At least two people died Tuesday, December 20 in northern California, after a powerful earthquake off the American coast, which caused landslides and deprived tens of thousands of people of electricity.
The magnitude 6.4 earthquake occurred Monday through Tuesday night, about 40 kilometers southwest of the port city of Eureka, Humboldt County, according to the US Institute of Geophysics. (USGS).
Eleven people were injured, the county said in a statement.
“The damage assessment is in progress”but the earthquake has already inflicted “significant damage”including gas and water lines in the area, according to the local sheriff’s office.
More than 59,000 homes and businesses remained without electricity on Tuesday at midday, according to the specialized site PowerOutage. The earthquake also cracked a road leading to the small town of Fernbridge.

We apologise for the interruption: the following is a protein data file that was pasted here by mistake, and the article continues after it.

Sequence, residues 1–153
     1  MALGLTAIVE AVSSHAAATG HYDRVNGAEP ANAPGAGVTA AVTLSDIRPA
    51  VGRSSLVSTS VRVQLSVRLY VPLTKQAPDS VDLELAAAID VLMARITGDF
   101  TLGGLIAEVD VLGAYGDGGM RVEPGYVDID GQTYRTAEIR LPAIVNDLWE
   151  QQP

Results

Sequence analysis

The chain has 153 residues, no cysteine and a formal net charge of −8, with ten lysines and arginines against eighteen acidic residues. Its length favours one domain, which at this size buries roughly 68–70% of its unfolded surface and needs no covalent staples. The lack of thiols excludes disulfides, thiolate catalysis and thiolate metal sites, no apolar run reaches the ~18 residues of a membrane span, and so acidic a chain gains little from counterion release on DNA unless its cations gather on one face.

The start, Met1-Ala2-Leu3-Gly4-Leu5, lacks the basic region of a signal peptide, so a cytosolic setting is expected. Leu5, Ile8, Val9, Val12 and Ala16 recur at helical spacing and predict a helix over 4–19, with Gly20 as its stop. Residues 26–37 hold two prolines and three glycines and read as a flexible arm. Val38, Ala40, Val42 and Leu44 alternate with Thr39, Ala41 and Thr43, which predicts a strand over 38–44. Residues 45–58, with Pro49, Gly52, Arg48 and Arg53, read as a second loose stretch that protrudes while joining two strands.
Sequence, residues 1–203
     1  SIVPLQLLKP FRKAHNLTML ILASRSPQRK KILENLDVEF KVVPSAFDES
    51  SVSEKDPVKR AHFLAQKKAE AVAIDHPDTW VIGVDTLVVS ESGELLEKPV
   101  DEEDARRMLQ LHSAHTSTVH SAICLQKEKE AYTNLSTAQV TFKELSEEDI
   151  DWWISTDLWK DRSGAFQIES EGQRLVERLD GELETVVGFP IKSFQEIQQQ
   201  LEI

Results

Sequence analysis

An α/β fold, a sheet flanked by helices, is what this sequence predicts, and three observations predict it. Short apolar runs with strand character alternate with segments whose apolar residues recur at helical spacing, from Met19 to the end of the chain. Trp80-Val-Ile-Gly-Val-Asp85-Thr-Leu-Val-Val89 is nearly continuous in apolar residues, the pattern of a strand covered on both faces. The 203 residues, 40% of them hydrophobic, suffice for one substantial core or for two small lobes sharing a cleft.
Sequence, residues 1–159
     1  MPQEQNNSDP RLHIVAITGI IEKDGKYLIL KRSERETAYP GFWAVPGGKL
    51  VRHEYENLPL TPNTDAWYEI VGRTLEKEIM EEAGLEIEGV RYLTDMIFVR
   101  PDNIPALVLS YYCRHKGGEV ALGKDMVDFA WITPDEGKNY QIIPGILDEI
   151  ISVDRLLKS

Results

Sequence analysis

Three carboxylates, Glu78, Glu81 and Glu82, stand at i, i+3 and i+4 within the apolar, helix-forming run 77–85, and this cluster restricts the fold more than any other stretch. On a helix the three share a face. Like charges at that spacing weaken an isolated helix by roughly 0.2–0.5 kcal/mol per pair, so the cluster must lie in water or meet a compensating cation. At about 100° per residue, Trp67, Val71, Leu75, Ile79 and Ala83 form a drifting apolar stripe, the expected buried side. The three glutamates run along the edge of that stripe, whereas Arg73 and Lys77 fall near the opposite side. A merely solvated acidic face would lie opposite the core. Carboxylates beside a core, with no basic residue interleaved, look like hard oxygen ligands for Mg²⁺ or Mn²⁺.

A high-risk seismic zone
California is regularly hit by earthquakes. According to seismologists, it is almost certain that an earthquake capable of causing widespread destruction will strike this western American state within the next 30 years.
In 1994, a magnitude 6.7 earthquake in Northridge, northwest of Los Angeles, killed at least 60 people and caused damage estimated at $10 billion. In 1989, a magnitude 6.9 earthquake near San Francisco claimed the lives of 63 people.